She took a cigarette from the end table near her and leaned forward for me to light it. Then she settled back again, letting the smoke drift slowly from her mouth. Her eyes were dark and troubled.

“You know,” she said, “it is something I’ll never understand. Mark was one of the most self-centered, egotistical men that ever lived, he never gave a damn what happened to the other guy. And yet he went to Spain and joined the Abraham Lincoln Brigade and died fighting for a cause he never truly believed in and against a way of life that he might have admired if he hadn’t been a Jew. My first thought was for Mother—how she would take it. She hadn’t been well since Mark went away. He was her baby still and she was never quite the same after Papa threw him out of the house. She was always after Papa to get Mark to come back home. I think Papa wanted him to come home too, but you know him—he got his Dutch stubbornness up and kept putting it off.”

She fell silent, looking into the leaping flames of the fire. I wondered what she was thinking. Peter had always favored Mark and she knew it. But she never complained. She never talked much either. I remembered the way we found out she could write. It was the year she graduated from college. She hadn’t said anything at all about her writing until her book had been accepted by a publisher. Even then she had used a nom de plume, not wanting to trade on her father’s name.

She had called the book
Freshman Year
. It was the story of a girl’s first year in college and away from home, and it was very successful. It was a story of warmth and homesickness and a girl’s growing up. The critics made a great deal of fuss over the book. They were all amazed at the depth of understanding and perception of the girl who had written it. She was just twenty-two at the time it came out.

I hadn’t paid much attention to it. Matter of fact, I hadn’t even read it at the time. The first time I saw her after the book came out was when I brought Dulcie to Peter’s home the day after we were married.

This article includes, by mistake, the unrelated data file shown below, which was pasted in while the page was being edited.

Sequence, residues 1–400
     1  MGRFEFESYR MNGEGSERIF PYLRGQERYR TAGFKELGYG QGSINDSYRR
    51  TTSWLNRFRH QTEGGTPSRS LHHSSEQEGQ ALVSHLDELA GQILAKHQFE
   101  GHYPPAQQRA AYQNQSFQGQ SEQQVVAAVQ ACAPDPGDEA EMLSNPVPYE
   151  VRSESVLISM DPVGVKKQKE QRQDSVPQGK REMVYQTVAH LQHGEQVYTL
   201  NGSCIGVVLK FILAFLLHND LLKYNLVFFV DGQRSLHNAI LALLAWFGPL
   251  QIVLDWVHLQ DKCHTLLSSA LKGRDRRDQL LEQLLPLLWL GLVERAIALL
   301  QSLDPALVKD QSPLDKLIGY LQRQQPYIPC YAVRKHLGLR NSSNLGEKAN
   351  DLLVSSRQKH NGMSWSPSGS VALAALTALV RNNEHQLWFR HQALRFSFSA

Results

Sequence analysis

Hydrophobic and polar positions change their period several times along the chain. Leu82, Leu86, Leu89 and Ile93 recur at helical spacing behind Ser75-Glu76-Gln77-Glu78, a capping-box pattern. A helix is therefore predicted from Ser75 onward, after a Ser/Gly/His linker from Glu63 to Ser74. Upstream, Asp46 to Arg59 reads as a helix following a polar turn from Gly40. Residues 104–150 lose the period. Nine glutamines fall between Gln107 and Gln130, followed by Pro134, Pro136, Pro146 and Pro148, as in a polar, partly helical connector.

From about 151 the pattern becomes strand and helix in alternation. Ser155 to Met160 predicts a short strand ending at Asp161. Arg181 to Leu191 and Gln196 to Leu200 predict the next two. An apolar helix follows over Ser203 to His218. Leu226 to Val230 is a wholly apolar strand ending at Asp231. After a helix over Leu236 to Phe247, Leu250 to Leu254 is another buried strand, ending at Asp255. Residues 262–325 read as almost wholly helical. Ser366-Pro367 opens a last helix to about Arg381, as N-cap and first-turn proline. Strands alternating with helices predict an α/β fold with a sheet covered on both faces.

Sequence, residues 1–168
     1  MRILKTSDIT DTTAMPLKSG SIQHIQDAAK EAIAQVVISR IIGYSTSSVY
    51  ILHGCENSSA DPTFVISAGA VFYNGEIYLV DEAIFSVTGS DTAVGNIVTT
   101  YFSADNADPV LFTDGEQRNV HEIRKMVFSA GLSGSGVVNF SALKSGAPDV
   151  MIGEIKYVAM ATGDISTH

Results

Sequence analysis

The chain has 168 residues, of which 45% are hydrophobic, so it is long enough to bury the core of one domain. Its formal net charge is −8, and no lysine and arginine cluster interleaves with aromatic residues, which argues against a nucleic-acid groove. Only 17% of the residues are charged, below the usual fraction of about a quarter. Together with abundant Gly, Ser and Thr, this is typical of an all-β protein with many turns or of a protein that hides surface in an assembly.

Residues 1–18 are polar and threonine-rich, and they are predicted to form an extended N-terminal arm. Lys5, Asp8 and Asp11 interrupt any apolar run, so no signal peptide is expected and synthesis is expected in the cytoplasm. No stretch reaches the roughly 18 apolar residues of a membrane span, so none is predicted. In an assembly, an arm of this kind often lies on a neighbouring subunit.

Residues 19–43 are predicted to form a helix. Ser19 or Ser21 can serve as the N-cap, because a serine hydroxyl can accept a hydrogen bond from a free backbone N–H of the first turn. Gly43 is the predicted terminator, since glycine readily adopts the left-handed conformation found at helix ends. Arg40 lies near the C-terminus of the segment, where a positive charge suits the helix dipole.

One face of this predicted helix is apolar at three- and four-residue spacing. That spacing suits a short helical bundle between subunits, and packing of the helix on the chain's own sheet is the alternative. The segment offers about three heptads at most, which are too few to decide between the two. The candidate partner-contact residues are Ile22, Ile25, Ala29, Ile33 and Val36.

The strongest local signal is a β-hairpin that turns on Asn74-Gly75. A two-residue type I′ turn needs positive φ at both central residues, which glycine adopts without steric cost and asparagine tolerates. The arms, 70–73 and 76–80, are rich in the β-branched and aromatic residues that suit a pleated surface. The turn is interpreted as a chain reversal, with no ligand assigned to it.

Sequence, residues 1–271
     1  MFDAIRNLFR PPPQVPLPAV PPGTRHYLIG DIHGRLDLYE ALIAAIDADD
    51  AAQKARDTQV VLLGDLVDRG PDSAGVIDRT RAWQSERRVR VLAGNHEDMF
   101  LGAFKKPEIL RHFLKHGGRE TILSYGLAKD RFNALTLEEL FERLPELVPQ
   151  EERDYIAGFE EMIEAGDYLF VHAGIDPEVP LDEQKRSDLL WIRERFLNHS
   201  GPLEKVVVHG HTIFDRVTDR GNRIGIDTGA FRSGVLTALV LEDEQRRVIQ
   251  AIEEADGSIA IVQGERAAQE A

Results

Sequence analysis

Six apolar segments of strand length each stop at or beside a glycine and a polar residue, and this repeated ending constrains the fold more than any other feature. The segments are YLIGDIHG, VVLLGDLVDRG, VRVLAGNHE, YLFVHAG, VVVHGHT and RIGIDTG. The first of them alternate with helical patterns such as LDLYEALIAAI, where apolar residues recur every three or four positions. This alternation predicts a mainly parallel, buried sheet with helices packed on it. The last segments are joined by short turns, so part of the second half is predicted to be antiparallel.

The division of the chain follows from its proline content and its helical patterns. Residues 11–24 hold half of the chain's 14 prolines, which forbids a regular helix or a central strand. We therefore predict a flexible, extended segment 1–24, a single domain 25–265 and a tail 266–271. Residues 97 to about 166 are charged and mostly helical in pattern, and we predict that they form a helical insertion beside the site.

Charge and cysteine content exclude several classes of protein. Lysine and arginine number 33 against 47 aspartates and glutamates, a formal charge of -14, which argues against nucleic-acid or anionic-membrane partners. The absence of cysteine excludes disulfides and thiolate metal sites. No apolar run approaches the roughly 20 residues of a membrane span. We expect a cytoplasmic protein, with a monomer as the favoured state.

They were all seated at breakfast when Dulcie and I came in the room. Mark was about eighteen at the time; he was a tall, thin boy with the acne of adolescence still clinging to his face. He took one look at Dulcie and whistled.

Peter had cuffed him and told him to mind his manners, but I just laughed proudly and Dulcie blushed a little and I could tell she didn’t mind. Dulcie liked people to look at her, she was a born actress. Even then, as she stood there blushing, I knew she was acting and I loved it.

That was part of Dulcie’s charm for me. Wherever we went, heads turned to look at her. She was the kind of a woman men wanted to be seen with. Tall, slim, and full-breasted, with a tawny look, she gave an impression of latent sexual savagery that carried every man back about five thousand years.

Esther got to her feet and had chairs brought out for us. Up to that moment I hadn’t told them we were married. I began to feel awkward, wondering how I could tell them. I looked around the table and saw Doris looking at us curiously. There was a question in her eyes.

I had a bright idea. I spoke to Doris. “Well, sweetheart, you won’t have to worry about your old Uncle Johnny anymore. He finally found a girl that would marry him.”

Doris’s face turned a little pale, but I was too excited to pay any attention to it. “You—you mean you’re getting married?” she asked, her voice shaking a little.

BOOK: The Dream Merchants
8.74Mb size Format: txt, pdf, ePub
ads